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Opinions of Tuesday, 17 June 2008

Columnist: Ayeboafo, Yaw Awuah Boadu

Zero Tolerance for Corruption and Presidential Prerogative of Mercy

Ghanaians would recall that zero tolerance for corruption marked a corner stone in President Kufuor’s inaugural government. The prevalence of corruption as indicated by research, both home and abroad, coupling with our own perception about how it accounts for our abject poverty and underdevelopment made the President’s pronouncement very welcomed. However, the incessant use of presidential prerogative of mercy to pardon convicted public officials is worrying, as it reduces the power of the law courts in upholding public values against corruption and bad governance. Invariably, it also undermines the Nation’s resolve and commitment in fighting corruption ruthlessly. It must be recalled, the trial and imprisonment of a member of government in the person of Mallam Issa signaled a ruthless resolve of the government, spearheaded by the Attorney General not to shield and protect corrupt officials. The cynics branded the prosecution, trial and sentence as cosmetic as they saw Mallam Issa as an outsider who had been sacrificed by the government. Whether they were right or wrong is the judgment of the Nation. Moreover, true to the government’s avowed object to deal ruthless with corruption, a couple of Ministers and Public officials in the NDC government were arraigned before the courts and after long judicial battle, notably, Kwame Peprah, the Late Victor Solormey, Sefa Yankye, Ibrahim Adams and Dan Abodakpi, were convicted and sentenced to varied terms in prison for willfully causing financial loss to the State.

Indeed, there is no doubt these sentences ignited a new sense of national consciousness against corruption and a judicial system ready to adjudicate matters based on the true principles of the rule of law as they languished in jail, only for the President to commute these sentences under his prerogative of mercy. Critics of these prosecutions and convictions argue that the judiciary is dependent and selectively prosecute to favor government. Critically, it is reasonable since the Attorney General, doubling as Minister of Justice is appointed by the President and sits in the cabinet. This arrangement questions the independence of the judiciary and it’s prone to selective justice. Why all most, all convicted corrupt public officials have their sentences commuted?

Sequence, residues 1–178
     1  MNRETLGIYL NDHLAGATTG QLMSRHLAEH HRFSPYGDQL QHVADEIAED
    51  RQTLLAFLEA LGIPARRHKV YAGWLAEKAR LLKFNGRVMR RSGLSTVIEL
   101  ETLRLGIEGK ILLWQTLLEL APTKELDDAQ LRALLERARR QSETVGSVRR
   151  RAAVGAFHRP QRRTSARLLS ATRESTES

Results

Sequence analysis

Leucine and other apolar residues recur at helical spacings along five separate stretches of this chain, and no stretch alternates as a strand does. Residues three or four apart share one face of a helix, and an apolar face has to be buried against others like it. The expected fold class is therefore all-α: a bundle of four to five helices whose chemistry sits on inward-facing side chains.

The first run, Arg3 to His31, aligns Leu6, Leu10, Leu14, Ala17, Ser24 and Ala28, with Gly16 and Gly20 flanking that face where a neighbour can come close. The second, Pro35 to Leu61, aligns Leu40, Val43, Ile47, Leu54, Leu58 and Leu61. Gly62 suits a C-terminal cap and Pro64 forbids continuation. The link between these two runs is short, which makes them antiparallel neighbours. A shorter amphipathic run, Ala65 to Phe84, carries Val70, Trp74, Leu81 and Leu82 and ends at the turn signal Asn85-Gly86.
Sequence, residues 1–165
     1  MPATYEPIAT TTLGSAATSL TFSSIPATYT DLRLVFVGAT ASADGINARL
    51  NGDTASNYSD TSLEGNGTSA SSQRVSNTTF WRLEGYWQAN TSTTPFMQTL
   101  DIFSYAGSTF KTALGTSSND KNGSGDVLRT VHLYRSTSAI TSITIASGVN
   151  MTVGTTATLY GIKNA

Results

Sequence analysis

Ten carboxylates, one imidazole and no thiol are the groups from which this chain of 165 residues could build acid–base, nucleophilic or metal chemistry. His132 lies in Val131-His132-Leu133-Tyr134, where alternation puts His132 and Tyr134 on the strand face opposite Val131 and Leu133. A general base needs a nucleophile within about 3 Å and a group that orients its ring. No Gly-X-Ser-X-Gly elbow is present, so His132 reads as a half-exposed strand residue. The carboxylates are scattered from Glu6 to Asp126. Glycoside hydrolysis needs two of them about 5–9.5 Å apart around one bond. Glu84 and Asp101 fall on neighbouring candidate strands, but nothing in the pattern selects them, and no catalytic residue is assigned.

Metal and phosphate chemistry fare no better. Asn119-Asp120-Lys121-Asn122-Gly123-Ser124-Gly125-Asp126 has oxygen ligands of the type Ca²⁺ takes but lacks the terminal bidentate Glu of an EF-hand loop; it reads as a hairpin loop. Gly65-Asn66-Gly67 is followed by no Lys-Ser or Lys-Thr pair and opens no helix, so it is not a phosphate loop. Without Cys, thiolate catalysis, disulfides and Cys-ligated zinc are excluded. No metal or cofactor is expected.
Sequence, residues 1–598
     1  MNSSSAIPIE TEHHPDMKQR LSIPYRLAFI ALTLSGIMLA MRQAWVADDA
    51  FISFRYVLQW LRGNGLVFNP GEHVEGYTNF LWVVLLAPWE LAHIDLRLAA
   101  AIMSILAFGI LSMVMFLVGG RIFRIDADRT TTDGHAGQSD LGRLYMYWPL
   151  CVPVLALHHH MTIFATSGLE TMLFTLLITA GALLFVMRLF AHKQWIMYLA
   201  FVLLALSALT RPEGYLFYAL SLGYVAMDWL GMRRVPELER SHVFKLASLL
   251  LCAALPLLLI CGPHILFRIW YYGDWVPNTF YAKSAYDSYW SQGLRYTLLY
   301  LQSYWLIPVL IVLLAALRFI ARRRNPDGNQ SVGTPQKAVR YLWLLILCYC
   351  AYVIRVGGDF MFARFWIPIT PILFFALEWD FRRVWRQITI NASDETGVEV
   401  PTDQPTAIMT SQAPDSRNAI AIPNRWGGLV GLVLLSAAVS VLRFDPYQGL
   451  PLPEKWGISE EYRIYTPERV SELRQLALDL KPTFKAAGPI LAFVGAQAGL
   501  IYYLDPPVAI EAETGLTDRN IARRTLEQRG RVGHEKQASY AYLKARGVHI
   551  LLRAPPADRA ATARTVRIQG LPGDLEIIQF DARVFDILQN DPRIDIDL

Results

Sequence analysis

History is path dependant, according to research, I believe this explains why the PNDC as architects of the 1992 Republican Constitution, motivated by its absolute rule during their despotic days sought to cripple the judiciary by compromising her independence. Clearly, they’ve been victims of their history and as the wise adage goes ‘se woto adubone a ebika wa ano’.

Institutions and norms change, but gradual, I commend both NPP and NDC governments for leading legislations in the last couple of years aimed at addressing issues of corruption such as the Law of Causing Financial Loss to the State’ which the NDC argues they never used ’, Financial Administration Act, Internal Audit Act, The Public Procurement Act, the Repeal of the Criminal Libel Law and the Freedom of Information Bill’ which the government is yet to assent’, just to mention but a few of legislations dealing with corruption and good governance.

Indeed, fifteen years in a democracy, I believe Ghanaians would like to listen and vote on issues that would seem to be changing or improving upon our past history. I believe issues of making the judiciary independent’ creating an independent prosecution service to control selective justice’, Issues of political party funding and selection of candidates’ to ensure grass root participation and control the seemingly entrenchment and endorsement of bribery and corruption in selecting candidates which breeds sycophancy’, issues of revenue generation and innovative taxation strategies to curtail our over dependence on donor support and funding’ would be at the centre stage of political parties manifestoes’ which Kofi Wayo argues is a communist document and has no relevance now but rather a policy document is required’.

In conclusion, whiles I do not have the power to dictate how the President should dispenses with his prerogative of mercy as enshrined in article 72 of the 1992 Republican Constitution, I would want to believe, the exercise of such discretion is done to reflect and uphold good public policy and our common morality as a Nation.

Yaw Awuah Boadu Ayeboafo Tepa-Ashanti.

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